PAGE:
The rainbow trout is native to rivers and lakes of North America, west of the Rocky Mountains, but its reputation as a hard-fighting (they have a tendency to leap repeatedly when hooked) and delicious game fish has led to its introduction throughout the world.
The strain of rainbow trout native to Nevada is known as the redband trout. The species was first identified in Nevada from a small Owyhee River drainage stream in 1964. Fish management has since delineated 176 individual stream populations in northeastern Nevada. They can be found primarily in the Owyhee, Bruneau, and Salmon Falls River drainages.
Although not native to the Great Basin, since the late 1800s rainbow trout have been widely stocked throughout the state due to the fishes’ ability to easily adapt to a wide range of aquatic environments and their popularity with anglers. Rainbow trout can survive in large lakes and reservoirs as well as in small ponds; they thrive in large river systems as well as small creeks.
Rainbow trout are stocked extensively due to the fact that they are the easiest and most economical of all trout to raise in a hatchery environment. In 2011, the Nevada Department of Wildlife stocked more than 1 million rainbow trout in Nevada waters.
The Silver State is known for growing large rainbow trout; NDOW received 18 entries in its Trophy Fish Program for rainbow trout in 2011. This includes a new state record caught by Mike Mott (pictured) at Ruby Lake National Wildlife Refuge in February of last year. The monster fish weighed in at 16 pounds, 8 ounces and measured 30.5 inches long.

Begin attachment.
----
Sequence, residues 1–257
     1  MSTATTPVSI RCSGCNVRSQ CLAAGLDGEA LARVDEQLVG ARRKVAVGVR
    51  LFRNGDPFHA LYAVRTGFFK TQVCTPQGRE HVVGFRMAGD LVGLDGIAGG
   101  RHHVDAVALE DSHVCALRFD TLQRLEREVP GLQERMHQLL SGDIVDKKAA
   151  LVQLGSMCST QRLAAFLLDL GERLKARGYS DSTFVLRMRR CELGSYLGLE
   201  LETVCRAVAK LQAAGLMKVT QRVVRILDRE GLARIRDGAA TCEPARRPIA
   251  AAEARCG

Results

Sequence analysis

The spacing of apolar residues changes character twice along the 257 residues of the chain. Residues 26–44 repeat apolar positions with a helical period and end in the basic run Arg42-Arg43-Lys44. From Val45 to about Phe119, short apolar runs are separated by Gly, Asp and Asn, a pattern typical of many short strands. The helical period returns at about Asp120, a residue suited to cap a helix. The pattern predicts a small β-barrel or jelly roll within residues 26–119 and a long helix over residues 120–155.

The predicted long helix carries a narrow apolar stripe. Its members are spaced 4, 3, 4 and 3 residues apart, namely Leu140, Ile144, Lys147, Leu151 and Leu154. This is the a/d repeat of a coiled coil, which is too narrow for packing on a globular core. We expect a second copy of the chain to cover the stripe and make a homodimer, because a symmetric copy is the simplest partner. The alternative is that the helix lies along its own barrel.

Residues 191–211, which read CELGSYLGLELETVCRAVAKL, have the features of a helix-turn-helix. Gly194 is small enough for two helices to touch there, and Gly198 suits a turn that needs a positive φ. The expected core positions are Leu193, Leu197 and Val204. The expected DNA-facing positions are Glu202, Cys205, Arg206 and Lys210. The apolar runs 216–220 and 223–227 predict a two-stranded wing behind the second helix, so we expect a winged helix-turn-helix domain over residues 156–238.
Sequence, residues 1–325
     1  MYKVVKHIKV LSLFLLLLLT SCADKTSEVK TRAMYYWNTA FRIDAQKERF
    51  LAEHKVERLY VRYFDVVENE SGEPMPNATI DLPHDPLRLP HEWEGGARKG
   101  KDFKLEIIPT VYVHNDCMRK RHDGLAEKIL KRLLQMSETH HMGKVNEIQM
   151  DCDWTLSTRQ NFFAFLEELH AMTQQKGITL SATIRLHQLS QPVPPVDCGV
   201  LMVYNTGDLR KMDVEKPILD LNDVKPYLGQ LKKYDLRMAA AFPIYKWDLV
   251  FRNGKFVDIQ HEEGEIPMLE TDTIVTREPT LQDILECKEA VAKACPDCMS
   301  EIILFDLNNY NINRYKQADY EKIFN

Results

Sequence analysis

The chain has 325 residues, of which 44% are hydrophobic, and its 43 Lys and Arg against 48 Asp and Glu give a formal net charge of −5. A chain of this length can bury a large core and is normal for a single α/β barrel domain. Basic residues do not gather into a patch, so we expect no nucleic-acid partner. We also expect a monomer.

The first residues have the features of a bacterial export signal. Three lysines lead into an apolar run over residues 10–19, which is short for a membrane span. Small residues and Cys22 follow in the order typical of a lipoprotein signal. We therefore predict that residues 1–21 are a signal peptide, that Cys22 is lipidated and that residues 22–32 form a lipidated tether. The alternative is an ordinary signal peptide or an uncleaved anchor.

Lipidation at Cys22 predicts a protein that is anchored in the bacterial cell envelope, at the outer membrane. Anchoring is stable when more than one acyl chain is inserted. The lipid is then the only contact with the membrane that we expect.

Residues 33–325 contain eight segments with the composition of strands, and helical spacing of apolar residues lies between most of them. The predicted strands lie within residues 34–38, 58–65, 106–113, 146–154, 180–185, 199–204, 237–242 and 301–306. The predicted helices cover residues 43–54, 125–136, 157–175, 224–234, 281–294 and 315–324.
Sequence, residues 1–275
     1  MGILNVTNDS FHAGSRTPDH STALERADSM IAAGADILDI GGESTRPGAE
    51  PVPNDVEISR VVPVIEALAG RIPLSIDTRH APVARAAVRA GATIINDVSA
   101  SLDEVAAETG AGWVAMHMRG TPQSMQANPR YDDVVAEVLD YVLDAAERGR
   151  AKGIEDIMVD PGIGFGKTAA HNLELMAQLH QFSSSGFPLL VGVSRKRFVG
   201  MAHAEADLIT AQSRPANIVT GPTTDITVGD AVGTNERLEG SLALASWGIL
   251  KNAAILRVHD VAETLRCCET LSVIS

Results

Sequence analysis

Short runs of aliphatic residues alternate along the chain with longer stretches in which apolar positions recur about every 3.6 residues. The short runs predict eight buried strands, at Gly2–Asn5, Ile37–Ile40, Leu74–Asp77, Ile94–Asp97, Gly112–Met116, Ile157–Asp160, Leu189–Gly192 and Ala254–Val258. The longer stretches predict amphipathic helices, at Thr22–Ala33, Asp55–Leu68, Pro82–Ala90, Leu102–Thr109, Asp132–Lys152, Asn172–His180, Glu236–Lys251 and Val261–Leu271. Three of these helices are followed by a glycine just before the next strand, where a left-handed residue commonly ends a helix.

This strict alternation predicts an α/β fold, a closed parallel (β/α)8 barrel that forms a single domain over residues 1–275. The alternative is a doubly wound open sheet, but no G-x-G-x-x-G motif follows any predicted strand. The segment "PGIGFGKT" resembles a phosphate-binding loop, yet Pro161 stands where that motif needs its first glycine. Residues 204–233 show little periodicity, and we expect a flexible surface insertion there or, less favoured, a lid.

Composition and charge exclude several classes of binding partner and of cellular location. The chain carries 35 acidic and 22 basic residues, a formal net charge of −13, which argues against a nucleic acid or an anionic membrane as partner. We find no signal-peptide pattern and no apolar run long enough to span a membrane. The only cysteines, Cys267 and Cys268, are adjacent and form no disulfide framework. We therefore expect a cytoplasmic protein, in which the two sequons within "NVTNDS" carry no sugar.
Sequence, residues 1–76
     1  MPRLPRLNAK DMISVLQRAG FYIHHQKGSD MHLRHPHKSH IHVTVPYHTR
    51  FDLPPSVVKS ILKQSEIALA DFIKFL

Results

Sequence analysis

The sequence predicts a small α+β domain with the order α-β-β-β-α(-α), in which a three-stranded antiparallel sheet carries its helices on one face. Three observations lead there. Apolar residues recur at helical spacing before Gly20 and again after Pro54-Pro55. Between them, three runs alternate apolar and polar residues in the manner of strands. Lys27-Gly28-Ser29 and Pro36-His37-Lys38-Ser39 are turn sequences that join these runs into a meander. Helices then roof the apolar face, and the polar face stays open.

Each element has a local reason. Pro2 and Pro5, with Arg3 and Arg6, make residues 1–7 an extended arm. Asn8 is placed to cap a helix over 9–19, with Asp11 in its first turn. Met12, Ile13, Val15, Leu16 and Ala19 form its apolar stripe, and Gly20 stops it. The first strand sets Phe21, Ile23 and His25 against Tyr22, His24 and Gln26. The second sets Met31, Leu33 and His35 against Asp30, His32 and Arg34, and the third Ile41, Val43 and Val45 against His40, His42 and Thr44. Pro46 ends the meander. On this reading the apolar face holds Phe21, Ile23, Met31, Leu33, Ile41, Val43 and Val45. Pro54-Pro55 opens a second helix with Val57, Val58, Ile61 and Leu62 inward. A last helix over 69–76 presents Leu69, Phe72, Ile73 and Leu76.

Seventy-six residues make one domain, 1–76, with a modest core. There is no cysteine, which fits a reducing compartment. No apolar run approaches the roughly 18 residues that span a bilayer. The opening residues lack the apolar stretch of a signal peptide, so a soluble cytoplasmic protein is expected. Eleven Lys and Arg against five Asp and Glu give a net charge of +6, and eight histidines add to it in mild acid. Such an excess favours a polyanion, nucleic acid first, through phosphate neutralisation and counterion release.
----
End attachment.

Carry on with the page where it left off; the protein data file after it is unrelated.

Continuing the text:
There are many waters in which rainbow trout have naturalized and maintain self-sustaining wild populations. Wild rainbow trout are found in many rivers and streams throughout the state, including the Carson, Truckee, and Walker Rivers. If you’re ready for the best fishing trip of your life, head for northeastern Nevada for a series of pristine alpine lakes and untouched mountain streams. Jarbidge Wilderness Area is known for it’s legendary fishing, along with a handful of alpine lakes nestled in the Rubies. #NVWildlife
Fishing Season in Nevada
In order to fish for rainbow trout in Nevada, anglers need an Annual Fishing License ($29 for residents; $69 for nonresidents) and a Nevada Trout Stamp ($10) or a 1-Day/Short Term Fishing Permit ($9 for residents; $18 for nonresidents). The Nevada license year is March 1, 2012 through February 28, 2013. Fishing licenses can be purchased online at ndowlicensing.com or at any Nevada Department of Wildlife licensing agent. For more information on purchasing your permits, please click HERE, or dial the Nevada Department of Wildlife at 1-855-6369.